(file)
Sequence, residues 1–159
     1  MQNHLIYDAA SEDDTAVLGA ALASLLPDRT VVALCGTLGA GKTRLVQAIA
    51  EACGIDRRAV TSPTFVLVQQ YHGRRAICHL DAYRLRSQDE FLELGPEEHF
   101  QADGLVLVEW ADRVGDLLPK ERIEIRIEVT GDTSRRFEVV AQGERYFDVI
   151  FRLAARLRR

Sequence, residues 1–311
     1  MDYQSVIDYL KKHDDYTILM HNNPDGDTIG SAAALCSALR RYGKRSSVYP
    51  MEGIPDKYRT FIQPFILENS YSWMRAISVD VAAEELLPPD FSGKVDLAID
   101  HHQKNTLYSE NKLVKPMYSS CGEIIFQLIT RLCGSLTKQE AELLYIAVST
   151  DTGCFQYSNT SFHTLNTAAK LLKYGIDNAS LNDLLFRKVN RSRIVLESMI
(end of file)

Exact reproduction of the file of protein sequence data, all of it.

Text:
Sequence, residues 1–159
     1  MQNHLIYDAA SEDDTAVLGA ALASLLPDRT VVALCGTLGA GKTRLVQAIA
    51  EACGIDRRAV TSPTFVLVQQ YHGRRAICHL DAYRLRSQDE FLELGPEEHF
   101  QADGLVLVEW ADRVGDLLPK ERIEIRIEVT GDTSRRFEVV AQGERYFDVI
   151  FRLAARLRR

Sequence, residues 1–311
     1  MDYQSVIDYL KKHDDYTILM HNNPDGDTIG SAAALCSALR RYGKRSSVYP
    51  MEGIPDKYRT FIQPFILENS YSWMRAISVD VAAEELLPPD FSGKVDLAID
   101  HHQKNTLYSE NKLVKPMYSS CGEIIFQLIT RLCGSLTKQE AELLYIAVST
   151  DTGCFQYSNT SFHTLNTAAK LLKYGIDNAS LNDLLFRKVN RSRIVLESMI